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On display for the first time to the public are 27 objects from the Drayton Hall Collections. They have been loaned to the Colonial Williamsburg Foundation for their new exhibit entitled: A Rich and Varied Culture: The Material World of the Early South opening February 14th. The exhibit focuses on objects that were created in, or imported to the Chesapeake, the Carolina Lowcountry, and the Backcountry, and highlights the breadth of the material culture of the 18th century—furniture, ceramics, metals, archaeological artifacts, works of art, and more.
“The opportunity to place objects from Drayton Hall’s Collections on display at Colonial Williamsburg speaks volumes about the nature of Drayton Hall and its prominent position within Colonial and contemporary South Carolina,” said Dr. Carter C. Hudgins, Deputy Director of Drayton Hall. “Not only do the objects to be showcased exhibit the Drayton family’s close connections to fashionable English society and the solidification of Charleston in the context of early America, but also the importance behind modern efforts to preserve the tangible history of South Carolina.” Dr. Hudgins recently published an article in Antiques & Fine Art magazine highlighting the Drayton Hall objects on display at Colonial Williamsburg.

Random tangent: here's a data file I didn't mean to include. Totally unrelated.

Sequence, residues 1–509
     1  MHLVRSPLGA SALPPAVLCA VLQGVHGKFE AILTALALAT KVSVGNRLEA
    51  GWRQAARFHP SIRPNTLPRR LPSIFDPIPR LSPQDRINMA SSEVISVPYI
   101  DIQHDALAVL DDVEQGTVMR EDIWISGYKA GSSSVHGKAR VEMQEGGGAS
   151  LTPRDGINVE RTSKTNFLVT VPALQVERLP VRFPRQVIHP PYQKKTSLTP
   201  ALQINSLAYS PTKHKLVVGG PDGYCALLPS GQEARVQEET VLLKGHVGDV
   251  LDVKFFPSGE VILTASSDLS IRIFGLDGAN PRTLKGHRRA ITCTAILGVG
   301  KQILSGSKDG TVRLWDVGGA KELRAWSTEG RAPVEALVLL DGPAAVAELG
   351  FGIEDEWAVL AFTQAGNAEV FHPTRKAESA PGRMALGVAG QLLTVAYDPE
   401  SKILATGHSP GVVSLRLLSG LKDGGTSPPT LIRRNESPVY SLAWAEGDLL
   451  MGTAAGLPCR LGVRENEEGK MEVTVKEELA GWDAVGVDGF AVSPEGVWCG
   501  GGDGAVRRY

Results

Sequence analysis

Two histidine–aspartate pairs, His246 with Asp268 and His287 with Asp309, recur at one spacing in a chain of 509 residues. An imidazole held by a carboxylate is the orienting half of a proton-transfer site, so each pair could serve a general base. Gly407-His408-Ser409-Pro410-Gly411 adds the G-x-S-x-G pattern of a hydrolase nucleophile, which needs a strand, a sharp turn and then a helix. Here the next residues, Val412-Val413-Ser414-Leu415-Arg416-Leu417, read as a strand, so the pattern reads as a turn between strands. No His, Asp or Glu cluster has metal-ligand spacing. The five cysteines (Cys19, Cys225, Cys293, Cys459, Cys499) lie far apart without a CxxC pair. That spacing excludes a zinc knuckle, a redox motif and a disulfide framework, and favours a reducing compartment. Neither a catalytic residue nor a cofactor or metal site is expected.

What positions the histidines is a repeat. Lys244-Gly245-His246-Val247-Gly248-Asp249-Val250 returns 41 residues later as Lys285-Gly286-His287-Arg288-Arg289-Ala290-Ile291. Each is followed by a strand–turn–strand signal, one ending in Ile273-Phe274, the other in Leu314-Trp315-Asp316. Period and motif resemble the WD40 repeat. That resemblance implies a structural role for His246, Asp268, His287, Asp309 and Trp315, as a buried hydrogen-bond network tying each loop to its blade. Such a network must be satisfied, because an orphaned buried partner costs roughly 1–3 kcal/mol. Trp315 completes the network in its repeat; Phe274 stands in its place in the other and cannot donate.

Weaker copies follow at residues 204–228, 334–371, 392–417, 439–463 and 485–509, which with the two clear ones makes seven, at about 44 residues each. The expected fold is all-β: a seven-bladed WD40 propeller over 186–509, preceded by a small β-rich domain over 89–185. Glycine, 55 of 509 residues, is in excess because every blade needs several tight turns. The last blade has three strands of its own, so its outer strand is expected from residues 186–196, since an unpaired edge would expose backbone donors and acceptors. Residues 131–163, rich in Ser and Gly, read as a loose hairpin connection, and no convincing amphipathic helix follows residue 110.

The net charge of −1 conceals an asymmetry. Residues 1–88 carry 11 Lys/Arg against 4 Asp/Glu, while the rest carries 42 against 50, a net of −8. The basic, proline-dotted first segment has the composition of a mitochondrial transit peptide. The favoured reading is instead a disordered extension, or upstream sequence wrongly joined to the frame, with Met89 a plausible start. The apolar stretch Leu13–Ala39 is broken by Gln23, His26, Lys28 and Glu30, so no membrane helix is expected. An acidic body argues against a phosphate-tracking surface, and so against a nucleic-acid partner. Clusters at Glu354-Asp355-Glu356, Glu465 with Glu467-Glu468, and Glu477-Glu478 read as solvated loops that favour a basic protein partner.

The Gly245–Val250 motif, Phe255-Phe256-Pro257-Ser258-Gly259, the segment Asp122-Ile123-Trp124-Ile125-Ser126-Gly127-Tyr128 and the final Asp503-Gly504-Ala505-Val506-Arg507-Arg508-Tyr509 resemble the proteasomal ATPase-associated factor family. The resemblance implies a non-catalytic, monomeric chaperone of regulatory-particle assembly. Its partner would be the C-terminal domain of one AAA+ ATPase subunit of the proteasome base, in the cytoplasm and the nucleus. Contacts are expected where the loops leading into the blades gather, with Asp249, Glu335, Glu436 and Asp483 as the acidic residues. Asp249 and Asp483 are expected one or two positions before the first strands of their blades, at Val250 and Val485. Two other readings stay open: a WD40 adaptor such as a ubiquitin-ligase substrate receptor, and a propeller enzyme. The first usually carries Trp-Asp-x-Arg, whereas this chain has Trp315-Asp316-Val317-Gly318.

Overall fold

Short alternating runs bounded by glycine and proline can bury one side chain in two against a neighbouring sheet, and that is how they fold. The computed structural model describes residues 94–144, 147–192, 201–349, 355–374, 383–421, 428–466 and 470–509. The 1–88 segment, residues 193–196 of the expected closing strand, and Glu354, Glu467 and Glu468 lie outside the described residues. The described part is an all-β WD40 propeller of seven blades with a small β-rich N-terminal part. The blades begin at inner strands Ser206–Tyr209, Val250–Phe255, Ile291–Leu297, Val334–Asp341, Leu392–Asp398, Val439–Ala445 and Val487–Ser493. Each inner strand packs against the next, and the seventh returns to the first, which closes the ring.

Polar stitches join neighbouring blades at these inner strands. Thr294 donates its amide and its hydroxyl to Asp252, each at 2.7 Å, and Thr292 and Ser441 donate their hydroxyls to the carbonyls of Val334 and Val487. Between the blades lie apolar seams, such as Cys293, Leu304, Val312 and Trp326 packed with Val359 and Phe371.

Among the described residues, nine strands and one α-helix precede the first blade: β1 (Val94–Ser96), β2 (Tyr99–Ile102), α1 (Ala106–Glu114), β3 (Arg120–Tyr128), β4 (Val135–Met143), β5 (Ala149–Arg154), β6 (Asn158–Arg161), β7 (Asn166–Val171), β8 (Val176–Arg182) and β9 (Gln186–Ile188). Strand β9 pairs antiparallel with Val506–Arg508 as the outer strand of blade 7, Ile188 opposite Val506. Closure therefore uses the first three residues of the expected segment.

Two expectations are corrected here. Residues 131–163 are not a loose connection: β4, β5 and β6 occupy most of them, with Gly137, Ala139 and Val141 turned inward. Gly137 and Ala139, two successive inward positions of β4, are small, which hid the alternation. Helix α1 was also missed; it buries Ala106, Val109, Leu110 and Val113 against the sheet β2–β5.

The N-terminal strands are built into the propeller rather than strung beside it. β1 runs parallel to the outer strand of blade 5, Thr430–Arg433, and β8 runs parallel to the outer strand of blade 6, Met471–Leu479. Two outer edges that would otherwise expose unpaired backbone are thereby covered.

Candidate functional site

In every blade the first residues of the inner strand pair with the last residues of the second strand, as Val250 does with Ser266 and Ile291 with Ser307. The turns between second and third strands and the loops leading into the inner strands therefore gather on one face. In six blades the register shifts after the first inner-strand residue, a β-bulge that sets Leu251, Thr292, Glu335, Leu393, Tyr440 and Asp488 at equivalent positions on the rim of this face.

66th Colonial Williamsburg Antiques Forum
Dr. Hudgins, newly appointed Deputy Director of Drayton Hall, will be presenting Drayton Hall Reimagined: New Perspectives on the Elite Status and Material Culture of an 18th-Century Lowcountry Estate at the 66th Colonial Williamsburg Antiques Forum, February 14–18. Dr. Hudgins’ lecture will cover the multidisciplinary research carried out at Drayton Hall over the last seven years—research that has significantly expanded our understanding of the architecture, furnishings, landscape, and residents of one of colonial America’s greatest plantations. Using a variety of investigative techniques and drawing from archaeological fragments excavated on site, surviving furniture, decorative arts objects, and extant architecture, his presentation will offer a fascinating examination of the material culture of this elite Lowcountry home seat and the status of its wealthy planter John Drayton and other 18th-century residents—all within the context of the expanding British Empire.
Link to Dr. Hudgins’ article: Conserving the Treasures of Drayton Hall in Antiques and Fine Art